Camelot Days

I think even now of a circle of friends
I knew when I came from the farm;
Men of energy, character, passion and wit,
Quick with grace and strength and charm.

I remember the round-tabled sessions we spent:
Ribald jests, bawdy tunes, Gallo Rhine,
And how, drunk unto wisdom the late hours bent
To the altar of Discourse divine.

We raved on about mystical mysteries and cause,
Over poetry, science and Zen;
Raved of women and winning them only because
They were there and we had the yen.

But of course we knew few of them, not what to do with them
Save but to wave good-bye
But, brag-full of palaver, each walking cadaver
Was ever proclaimed, “alive!”

And we fished all the waters of Camelot,
Arrant in our second-hand cars;
Conquered Bluegills and Crappies, Bass, Pike and the lot
Coming home we trolled the bars.

But the quarry was slippery, the catch all but nil,
And we ended up cant-her-ring back
To a sink full of fish that we cleaned with a will,
And an empty-armed snore in the sack.

And we duck-hunted Dicky, Pat, Warren and I
We knew each reedy pot-hole by heart.
Took fat Mallards and Redheads and Widgeon and Scaup
And the Teal that shot by us like darts.

So in autumn we quested the sloughs, fields and hills;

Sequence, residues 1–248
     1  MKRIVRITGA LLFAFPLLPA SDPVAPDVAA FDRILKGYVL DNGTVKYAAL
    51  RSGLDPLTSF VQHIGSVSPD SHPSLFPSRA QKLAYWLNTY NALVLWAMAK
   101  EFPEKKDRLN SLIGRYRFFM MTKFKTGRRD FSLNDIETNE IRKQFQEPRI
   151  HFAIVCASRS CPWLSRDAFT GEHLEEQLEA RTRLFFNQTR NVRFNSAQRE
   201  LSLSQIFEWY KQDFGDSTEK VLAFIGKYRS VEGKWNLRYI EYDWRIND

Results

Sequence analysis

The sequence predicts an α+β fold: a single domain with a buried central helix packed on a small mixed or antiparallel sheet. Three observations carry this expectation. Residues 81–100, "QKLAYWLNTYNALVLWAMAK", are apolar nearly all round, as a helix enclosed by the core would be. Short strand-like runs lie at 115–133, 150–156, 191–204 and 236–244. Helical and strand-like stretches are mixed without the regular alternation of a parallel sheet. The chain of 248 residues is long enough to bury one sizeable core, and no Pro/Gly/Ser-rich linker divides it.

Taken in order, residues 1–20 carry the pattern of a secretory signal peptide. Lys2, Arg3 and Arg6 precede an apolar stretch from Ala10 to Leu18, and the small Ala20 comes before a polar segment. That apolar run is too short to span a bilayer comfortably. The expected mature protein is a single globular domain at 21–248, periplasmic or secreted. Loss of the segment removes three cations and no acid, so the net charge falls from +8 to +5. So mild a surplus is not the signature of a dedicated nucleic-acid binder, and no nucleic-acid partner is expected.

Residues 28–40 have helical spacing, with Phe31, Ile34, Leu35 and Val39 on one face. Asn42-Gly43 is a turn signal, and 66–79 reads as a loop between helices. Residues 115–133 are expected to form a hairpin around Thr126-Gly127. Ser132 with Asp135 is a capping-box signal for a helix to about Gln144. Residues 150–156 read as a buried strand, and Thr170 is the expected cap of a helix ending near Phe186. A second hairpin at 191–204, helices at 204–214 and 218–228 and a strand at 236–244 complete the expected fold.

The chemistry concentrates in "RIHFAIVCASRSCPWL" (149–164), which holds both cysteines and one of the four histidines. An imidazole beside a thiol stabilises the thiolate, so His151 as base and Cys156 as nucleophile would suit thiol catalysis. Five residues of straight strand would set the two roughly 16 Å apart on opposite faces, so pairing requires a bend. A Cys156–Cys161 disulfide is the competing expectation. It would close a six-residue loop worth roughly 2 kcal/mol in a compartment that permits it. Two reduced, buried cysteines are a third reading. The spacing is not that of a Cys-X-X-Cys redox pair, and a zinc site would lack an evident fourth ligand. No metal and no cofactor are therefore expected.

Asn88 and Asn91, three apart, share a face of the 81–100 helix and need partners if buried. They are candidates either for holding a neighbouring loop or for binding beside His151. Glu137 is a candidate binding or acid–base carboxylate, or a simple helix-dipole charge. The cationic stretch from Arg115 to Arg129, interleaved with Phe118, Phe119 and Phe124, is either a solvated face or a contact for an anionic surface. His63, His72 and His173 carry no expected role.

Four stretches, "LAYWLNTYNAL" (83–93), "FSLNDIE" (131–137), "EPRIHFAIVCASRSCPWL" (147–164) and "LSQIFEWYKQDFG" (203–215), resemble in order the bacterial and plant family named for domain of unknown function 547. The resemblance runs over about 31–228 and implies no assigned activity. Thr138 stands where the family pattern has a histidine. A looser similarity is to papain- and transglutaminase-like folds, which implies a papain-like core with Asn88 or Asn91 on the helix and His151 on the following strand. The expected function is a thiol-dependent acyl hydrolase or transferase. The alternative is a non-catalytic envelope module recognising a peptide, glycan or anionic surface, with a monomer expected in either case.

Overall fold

Spring and Summer the lakes and the streams;
And in winter we boasted of catches and kills
Learned from Merlin and painted dreams.

So full-charged was the realm to us then, so full gay,
So full-fragrant with perfume divine,
That the thought of such joy on this gray-tempeled day
Fills the heart with bitter wine.

Not that life has been gall to us, most of us thrive,
(Being wedded to beautiful spies),
We are hunters and fishers and wanderers still,
But ever with more wistful eyes.

They have sifted away, all those Camelot days,
And with them strength beauty and youth;
The circle has broken; We’ve gone separate ways
On our quest for the Chalice of truth.

Now the spaces between us gape wider with years;
Our visions are not the same:
Each battles his own den of dragons and fears
And the weight of the world’s great pain.

Still, the lost Gleam returns now and then to an eye
When we talk of young renegade ways.
As we sit by the embers and sigh long sighs--
Dreaming still of those Camelot Days.

(12/28/82) G.Pinkney